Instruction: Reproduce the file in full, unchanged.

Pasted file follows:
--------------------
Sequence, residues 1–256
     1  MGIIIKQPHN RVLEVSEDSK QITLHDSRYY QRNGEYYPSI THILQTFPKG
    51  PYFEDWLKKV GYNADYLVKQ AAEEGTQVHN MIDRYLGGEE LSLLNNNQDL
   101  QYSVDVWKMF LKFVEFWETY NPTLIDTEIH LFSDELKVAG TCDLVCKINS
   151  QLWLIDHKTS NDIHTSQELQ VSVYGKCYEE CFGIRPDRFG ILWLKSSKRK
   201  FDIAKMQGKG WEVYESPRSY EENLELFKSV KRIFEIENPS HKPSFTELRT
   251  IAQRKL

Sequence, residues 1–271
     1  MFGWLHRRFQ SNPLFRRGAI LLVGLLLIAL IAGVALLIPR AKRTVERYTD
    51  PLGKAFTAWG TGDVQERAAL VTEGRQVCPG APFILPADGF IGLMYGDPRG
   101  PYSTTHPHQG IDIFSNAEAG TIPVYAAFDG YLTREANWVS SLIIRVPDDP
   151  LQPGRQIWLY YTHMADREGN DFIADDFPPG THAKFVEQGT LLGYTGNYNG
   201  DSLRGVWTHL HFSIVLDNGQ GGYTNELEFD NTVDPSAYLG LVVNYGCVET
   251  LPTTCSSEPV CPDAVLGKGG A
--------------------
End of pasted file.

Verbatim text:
Sequence, residues 1–256
     1  MGIIIKQPHN RVLEVSEDSK QITLHDSRYY QRNGEYYPSI THILQTFPKG
    51  PYFEDWLKKV GYNADYLVKQ AAEEGTQVHN MIDRYLGGEE LSLLNNNQDL
   101  QYSVDVWKMF LKFVEFWETY NPTLIDTEIH LFSDELKVAG TCDLVCKINS
   151  QLWLIDHKTS NDIHTSQELQ VSVYGKCYEE CFGIRPDRFG ILWLKSSKRK
   201  FDIAKMQGKG WEVYESPRSY EENLELFKSV KRIFEIENPS HKPSFTELRT
   251  IAQRKL

Sequence, residues 1–271
     1  MFGWLHRRFQ SNPLFRRGAI LLVGLLLIAL IAGVALLIPR AKRTVERYTD
    51  PLGKAFTAWG TGDVQERAAL VTEGRQVCPG APFILPADGF IGLMYGDPRG
   101  PYSTTHPHQG IDIFSNAEAG TIPVYAAFDG YLTREANWVS SLIIRVPDDP
   151  LQPGRQIWLY YTHMADREGN DFIADDFPPG THAKFVEQGT LLGYTGNYNG
   201  DSLRGVWTHL HFSIVLDNGQ GGYTNELEFD NTVDPSAYLG LVVNYGCVET
   251  LPTTCSSEPV CPDAVLGKGG A